Conventional classroom Sales Training doesn’t work. This might sound peculiar coming from someone like me who has been involved in Sales Training most of my professional life. But the more organisations we work with the more I realize that it’s not how good a training is that matters, it’s how much they act on quickly that makes the difference. Companies like Infoteam have to offer new ways of delivering their services to overcome the learning-doing gap.
How big is the problem?
I estimate that across the industry, training adoption is usually no more than 20%. I think we can achieve +80% adoption and I will explain how later.
The 20% adoption rate is achieved when an element of the training coincides with an issue that the sales person is dealing with at that moment in time. All the other concepts that are covered in the short period of training are forgotten or badly recalled, so when it comes to apply them, the results are poor.
As an example, let me tell you about a recent experience I had with a group of sales people who work for a credit card payments processor. They had attended a 2-day sales training a few months back and had given excellent feedback. I was now sitting in on a series of Opportunity Reviews where the sales people were presenting their Deal One-Pagers. Only half of them were applying the concept correctly. The other half, instead of using the Deal One-Pager to help the customer get internal buy-in, were just using it to inform their sales manager about the deal.
I suppose 50% is better than the 20% I mentioned earlier, but this is not good enough. So, I showed them a concise tutorial video in our online Learning Center and within no time 100% of them understood and were applying this vital sales concept effectively. If only we could be there to coach them all the time! Not a very practical nor cost effective option.
What is the nature of the problem?
I have already said that if training content and timing does not coincide with a particular issue the sales person is facing, they won’t fully learn the importance of the concept or apply it properly. We always get sales people to bring projects they are currently working on to training sessions which certainly helps improve adoption but they rarely apply every aspect of the sales methodology in a single project.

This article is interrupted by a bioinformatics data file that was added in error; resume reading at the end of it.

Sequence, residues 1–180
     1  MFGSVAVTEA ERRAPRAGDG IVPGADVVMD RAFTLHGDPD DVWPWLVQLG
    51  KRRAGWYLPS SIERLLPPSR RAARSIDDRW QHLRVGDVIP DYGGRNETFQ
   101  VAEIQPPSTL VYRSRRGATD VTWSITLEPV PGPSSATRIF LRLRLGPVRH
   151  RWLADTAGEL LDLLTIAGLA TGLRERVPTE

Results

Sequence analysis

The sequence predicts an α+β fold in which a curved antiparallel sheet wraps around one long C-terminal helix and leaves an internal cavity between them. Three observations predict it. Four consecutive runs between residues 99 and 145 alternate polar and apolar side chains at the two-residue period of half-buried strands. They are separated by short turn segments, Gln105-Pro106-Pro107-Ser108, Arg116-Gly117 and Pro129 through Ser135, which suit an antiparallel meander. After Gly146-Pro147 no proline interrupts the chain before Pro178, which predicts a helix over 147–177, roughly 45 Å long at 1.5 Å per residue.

Another challenge for trainers is that people are changing the way they learn – from traditional learning to micro and mobile learning. Back in the old days, participants were happy to attend 2-day off-site trainings. Now, they want to look up what they need to know online, when and where they need it.
I recently experienced this with my own son. I gave him a copy of my book Customerized Selling when it was published a couple of years ago but he hasn’t read it. When he recently asked me about B2B selling – he is trying to sell web-design services to SMBs – I gave him our online tutorials and asked him detailed questions about the content a little later. He had taken on board all the content and could explain the concepts very clearly.
And it’s not just 18-year olds or even millennials who work this way, people we work with increasingly like to research just what they need to know the moment they need it. I still believe there is a role for classroom style teaching. But there has to be a full range of options available to our clients to ensure the level of adoption that will deliver the results they need.
Turning technology to our advantage
There are plenty of online learning videos but mostly they just deliver training through a different media without improving adoption significantly. The other technologies out there are the CRMs and Sales Automation tools that many organisations have deployed with mixed levels of success.
The problem with these technologies is they are often designed for the benefit of sales managers rather than the sales team. The team sees little benefit to themselves when they spend time inputting information about an account or opportunity.
Learn while you work
To address the learning-doing gap and the changes in the way people learn, we have developed a technology platform that embeds our sales methodology and the learning content into systems like Salesforce.
As the sales person uses the sales methodology, a Digital Coach analyses what they have entered and challenges them to make sure they are using each sales concept properly. It also provides digital learning content in the form of videos, blogs and infographics about how to use that particular concept effectively. You can see a demo below.
The sales people get the sort of micro and contextual learning they prefer. Sales operations gets greater adoption of their CRM system because sales people see it as something useful instead of just administration and the sales leaders get greater adoption of required selling skills. It’s the closest thing to having a sales trainer leaning over the shoulder of every sales person offering them coaching.
Of course, this is not a magic bullet and it won’t replace all other sales training but it adds a powerful new approach to the mix. It’s early days but the results we have seen so far are very impressive.